Archive for the ‘JavaScript APIs’ Category

The Web Manifest specification

By Marcos Cáceres and Bruce Lawson. Many of us who work on the web are actively working to narrow “the gap” between native applications and web applications. (Disclosure: your humble authors, Marcos Caceres and Bruce Lawson work for browser vendors – Mozilla and Opera respectively – and therefore have mortgage-related reasons to convince you this […]

The classList API

I have to be honest with you: I feel like a fraud writing about JavaScript for HTML5 Doctor. I would feel like a fraud writing about JavaScript for a click-driven ad-splattered content farm, never mind HTML5 Doctor. The thing is though, I’m writing about the classList API, and it’s super easy. If your JavaScript-fu isn’t great and you’re wary of HTML5 APIs, this one is at the perfect temperature for toe-dipping, and it’ll leave you pleasantly surprised at just how easy it is.

Taking Web Audio Offline in iOS 6 Safari

Playing cached audio for offline use on iOS Safari has long been a challenge that has proved to be mission impossible. But with the advent of the WebKit-only, it is now finally achievable — although you still need to jump through a few hoops.

HTML5 Audio — The State of Play

Guest doctor Mark Boas returns with a follow up to his 2009 article Native Audio in the Browser, which covers the basics of HTML5 audio. Read the original if you want to get a feel for the <audio> element and associated API. If not, get comfortable and dive deep to learn about the current state of play for HTML5 audio.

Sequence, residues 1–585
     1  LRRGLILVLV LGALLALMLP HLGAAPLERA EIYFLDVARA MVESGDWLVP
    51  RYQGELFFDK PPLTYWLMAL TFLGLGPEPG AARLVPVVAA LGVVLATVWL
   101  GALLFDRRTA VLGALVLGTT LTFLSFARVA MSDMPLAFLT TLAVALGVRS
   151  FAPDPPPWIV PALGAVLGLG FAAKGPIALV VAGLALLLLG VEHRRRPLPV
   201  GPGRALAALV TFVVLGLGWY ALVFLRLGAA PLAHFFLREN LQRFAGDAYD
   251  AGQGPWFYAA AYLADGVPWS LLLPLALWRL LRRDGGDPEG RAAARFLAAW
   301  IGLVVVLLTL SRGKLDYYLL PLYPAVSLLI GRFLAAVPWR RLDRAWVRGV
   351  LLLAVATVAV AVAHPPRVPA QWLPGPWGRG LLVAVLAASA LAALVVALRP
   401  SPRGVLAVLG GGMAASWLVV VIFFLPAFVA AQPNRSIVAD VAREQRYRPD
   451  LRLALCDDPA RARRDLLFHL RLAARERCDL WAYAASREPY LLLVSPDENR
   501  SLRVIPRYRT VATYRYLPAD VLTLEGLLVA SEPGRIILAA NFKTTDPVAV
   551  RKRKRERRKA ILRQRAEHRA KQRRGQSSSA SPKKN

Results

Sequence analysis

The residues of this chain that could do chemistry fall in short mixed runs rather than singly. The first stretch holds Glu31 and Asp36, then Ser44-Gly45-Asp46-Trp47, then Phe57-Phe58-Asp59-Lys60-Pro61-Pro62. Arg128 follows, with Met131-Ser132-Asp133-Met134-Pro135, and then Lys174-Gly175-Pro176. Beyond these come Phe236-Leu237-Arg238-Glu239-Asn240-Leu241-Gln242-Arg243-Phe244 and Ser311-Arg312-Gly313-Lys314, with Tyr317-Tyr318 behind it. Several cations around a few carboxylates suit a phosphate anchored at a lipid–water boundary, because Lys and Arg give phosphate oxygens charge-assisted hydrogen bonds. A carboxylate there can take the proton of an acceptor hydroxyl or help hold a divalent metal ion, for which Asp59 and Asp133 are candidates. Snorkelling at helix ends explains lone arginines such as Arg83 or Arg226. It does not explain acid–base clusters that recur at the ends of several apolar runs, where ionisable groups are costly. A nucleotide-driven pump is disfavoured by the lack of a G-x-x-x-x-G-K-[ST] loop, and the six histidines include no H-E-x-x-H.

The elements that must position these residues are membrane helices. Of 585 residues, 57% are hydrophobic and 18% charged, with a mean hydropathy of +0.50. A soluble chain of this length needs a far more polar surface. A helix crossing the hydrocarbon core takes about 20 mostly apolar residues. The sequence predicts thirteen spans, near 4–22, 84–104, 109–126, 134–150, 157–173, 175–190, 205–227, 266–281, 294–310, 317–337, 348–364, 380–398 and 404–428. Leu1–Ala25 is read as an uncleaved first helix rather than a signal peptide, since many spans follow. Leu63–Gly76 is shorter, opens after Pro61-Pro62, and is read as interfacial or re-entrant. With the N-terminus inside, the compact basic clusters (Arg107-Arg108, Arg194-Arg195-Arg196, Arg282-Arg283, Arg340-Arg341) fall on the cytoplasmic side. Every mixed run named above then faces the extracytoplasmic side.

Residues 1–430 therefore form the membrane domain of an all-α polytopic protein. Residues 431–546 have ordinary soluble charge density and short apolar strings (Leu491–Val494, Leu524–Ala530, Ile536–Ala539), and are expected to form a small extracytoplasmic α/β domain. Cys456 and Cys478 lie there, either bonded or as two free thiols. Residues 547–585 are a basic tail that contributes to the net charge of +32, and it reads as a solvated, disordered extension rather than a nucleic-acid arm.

Drag and Drop and Automatically Send to the Server

I realised (when looking myself) that there are a lot of demos and tutorials that show you how to drag-and-drop a file into the browser and then render it on the page. They're often labelled as "drag-and-drop and upload", but they actually don't upload. This tutorial will take you that final step.

Server-Sent Events

We’ve already had a glimpse at Server-Sent Events (also known as EventSource, and I’ll switch between the two to keep you on your toes) in my Methods of Communication article from last year. In this article, I want to delve in to more detail about the SSE API, demonstrate its features, and even show you how to polyfill browsers that lack EventSource support.

Pushing and Popping with the History API

Until recently, we developers couldn’t to do much with the state and history of the browser. We could check the number of items in the history and push users forwards and backwards, but this provides little benefit to the user. With the rise of more dynamic web pages, we need more control. Thankfully, HTML5 gives […]

Finding your position with Geolocation

The Geolocation API provides a method to locate the user’s exact (more or less – see below) position. This is useful in a number of ways ranging from providing a user with location specific information to providing route navigation.